For most of the country, prohibition lasted for 13 years. From January 17, 1920 until April 7, 1933, the sale, production and transportation of alcohol was prohibited across the nation. However for some states, this period lasted much longer. Mississippi was one of a handful of states that enacted prohibition in 1907, a full 13 years prior to the national ban. And it didn’t end there. After the passing of the twenty-first Amendment, Mississippi still enforced prohibition laws until 1966. As the last state to repeal prohibition, Mississippians lived under prohibition laws for lengthy 59 years.
Even with the repealing of prohibition, it would take another 37 years for a brewery to operate within Mississippi. As Mississippi’s first brewery in almost 100 years, Lazy Magnolia Brewing Company, started in 2003, is also Mississippi’s oldest brewery.
We however only had to get 20 weeks into this project to experience Lazy Magnolia as Mississippi joins the United States as the 20th state in December 1817.
As mentioned previous on this blog, the federal prohibition decimated the brewing industry in the U.S. While some brewers scratched by making near beer or producing malt extract, most could not sustain viable income to endure the 13 years. But when it ended, most states started to see a slow come back to their brewing industry. One by one, craft brewers started bringing back old favorites, and developing new products for a growing consumer base. And while the craft beer explosion was occurring, during the 1980’s and into the 1990’s, beer lovers in Mississippi did not have a brewery to call their own.
Thanks to Lazy Magnolia that has now changed. As they went about blazing this path through the brewing frontier, Lazy Magnolia has kept their southern roots in check with our first sample of the week: Southern Pecan.
There are items that elicit memories of the southern U.S., and the pecan is high on that list. A species of hickory native the south-central North American, pecan means a nut requiring a stone to crack in Algonquian. Typically known as the key ingredient in Pecan pie, Lazy Magnolia used this nut as the key ingredient for a beer. Listed as the first pecan nut brown ale in the world, this beer was a fun find.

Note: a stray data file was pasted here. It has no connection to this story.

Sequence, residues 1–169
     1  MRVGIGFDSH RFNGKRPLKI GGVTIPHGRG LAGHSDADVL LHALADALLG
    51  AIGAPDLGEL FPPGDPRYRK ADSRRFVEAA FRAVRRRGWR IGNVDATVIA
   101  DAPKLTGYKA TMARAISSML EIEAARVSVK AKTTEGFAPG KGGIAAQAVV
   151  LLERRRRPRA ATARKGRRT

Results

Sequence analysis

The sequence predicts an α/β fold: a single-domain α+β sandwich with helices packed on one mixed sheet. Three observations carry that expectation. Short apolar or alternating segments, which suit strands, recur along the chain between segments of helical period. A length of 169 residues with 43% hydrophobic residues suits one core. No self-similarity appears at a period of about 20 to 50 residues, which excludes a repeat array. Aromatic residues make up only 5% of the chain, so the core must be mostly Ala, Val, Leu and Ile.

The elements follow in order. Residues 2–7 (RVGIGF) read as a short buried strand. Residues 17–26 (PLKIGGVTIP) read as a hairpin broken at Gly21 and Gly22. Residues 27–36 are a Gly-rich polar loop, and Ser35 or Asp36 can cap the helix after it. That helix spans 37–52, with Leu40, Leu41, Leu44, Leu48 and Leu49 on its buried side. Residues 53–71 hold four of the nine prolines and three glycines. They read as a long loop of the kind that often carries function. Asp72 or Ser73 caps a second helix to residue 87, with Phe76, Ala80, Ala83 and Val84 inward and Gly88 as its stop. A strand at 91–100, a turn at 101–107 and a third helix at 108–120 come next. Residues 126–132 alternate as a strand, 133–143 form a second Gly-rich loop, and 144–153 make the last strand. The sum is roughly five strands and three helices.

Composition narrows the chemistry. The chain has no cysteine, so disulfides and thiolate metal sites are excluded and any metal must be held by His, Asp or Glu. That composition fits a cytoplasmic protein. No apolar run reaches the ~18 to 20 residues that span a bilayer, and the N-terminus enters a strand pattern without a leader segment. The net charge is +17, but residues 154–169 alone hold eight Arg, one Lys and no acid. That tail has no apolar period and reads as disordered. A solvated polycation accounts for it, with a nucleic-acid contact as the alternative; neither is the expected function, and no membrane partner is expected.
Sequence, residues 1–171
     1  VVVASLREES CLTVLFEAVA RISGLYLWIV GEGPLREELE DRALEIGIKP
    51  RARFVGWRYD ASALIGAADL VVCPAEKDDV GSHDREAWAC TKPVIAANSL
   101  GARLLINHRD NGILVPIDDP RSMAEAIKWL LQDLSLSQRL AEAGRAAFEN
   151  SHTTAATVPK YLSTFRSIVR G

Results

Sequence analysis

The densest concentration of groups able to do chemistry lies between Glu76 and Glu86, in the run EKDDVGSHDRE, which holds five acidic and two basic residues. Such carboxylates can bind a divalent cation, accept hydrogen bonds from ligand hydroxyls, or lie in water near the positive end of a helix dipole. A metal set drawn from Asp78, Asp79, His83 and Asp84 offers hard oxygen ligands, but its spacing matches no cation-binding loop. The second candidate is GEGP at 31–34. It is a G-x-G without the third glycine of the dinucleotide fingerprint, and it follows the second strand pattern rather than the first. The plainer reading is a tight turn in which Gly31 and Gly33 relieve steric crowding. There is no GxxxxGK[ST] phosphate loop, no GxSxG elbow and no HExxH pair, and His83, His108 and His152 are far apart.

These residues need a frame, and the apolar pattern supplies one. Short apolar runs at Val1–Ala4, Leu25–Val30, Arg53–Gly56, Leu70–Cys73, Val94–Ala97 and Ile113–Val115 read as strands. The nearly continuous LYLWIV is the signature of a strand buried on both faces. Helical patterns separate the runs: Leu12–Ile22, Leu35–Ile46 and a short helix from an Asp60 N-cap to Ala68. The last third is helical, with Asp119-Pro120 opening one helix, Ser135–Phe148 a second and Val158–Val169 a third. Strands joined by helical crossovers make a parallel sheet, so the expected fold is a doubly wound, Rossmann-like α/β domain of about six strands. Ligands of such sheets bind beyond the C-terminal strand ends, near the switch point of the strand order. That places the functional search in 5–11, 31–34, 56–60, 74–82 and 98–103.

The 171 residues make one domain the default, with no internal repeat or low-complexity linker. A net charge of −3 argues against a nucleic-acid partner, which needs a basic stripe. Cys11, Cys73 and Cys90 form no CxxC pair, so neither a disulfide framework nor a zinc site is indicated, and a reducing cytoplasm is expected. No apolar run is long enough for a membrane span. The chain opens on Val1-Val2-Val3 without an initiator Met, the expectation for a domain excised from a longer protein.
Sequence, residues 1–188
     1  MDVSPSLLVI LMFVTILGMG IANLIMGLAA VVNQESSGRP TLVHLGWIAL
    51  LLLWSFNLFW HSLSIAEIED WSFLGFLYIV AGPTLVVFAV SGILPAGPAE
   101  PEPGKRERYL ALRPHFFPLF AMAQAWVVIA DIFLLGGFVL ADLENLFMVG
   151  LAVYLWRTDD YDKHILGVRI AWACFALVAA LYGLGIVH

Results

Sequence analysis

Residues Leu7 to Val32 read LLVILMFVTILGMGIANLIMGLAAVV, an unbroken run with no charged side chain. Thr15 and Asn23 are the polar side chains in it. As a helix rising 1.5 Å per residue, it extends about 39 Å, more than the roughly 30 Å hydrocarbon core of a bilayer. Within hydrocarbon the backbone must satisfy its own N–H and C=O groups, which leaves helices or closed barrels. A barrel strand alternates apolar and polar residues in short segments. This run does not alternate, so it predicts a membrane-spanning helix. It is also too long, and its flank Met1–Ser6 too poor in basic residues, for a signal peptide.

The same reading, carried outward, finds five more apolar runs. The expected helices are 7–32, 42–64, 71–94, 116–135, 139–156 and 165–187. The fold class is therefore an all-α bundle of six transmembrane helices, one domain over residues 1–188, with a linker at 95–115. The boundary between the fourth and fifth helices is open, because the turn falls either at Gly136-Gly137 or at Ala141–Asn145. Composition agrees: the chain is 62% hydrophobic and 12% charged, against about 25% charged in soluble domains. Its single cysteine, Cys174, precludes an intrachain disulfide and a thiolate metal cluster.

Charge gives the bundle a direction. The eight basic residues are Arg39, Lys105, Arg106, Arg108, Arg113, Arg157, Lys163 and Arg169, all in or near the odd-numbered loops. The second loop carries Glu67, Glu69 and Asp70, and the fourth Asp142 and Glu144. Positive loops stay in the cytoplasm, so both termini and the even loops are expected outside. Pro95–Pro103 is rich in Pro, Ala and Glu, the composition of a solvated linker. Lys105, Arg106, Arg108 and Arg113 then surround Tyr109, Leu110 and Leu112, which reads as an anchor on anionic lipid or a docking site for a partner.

Much like a good Pecan pie, this beer was sweet. Even the color exuded a sweetness, with its deep red hues. But the sweetness wasn’t overwhelming. The beer was enjoyable. And while it didn’t have the distinct pecan taste, there was definitely a nutty taste that made this an enjoyable beer. It would have been interesting to try it with some good cheese that would complement the sweetness.
One of the tasters loved the diner menu, vintage look to the label on this beer. It definitely had a nice clean look to it, unlike many of the labels we have encountered so far on this project.
When Mississippi lifted prohibition in 1966, that wasn’t the end of the story for slow to change alcohol related laws in the state. In fact it wasn’t until March of this year that Mississippi legalized home brewing. And while that law had a tangential effect on the states brewing industry, another recently changed law had a much larger impact. From the time prohibition was lifted in the 60’s, until July of 2012, brewers in the state were not allowed to produce a beer with more than 5% ABW. To put that into perspective, only 7 of the 89 beers sampled so far on this project were less that 5%.
Expecting this law to change, Lazy Magnolia had our next beer, Timber Beast queued up and ready to roll on June 30th. Coming in at 9% ABV, at the time of its brewing, the Timber Beast was an illegal beer. However with the change of an old law, this beer was allowed out into the world, and we were fortunate enough to get our hands on some.
This beer was very enjoyable. Using Zythos hops, an IPA style hops blend, Lazy Magnolia went with a recipe inspired by the complex and beautiful flavors of Mississippi. This hops led to an interesting taste that I had not experienced in other IPAs over the course of this project. This hops had a more bitter characteristic that was enjoyable. While the bitterness hung around long after the beer was gone, this wasn’t a bad thing. Everyone tasting this beer really loved it.
With Mississippi, we have seen the craziest alcohol laws to date for this project. However we have also seen how a company like Lazy Magnolia can overcome those obstacles to create an enjoyable product.
Tune in next week for Illinois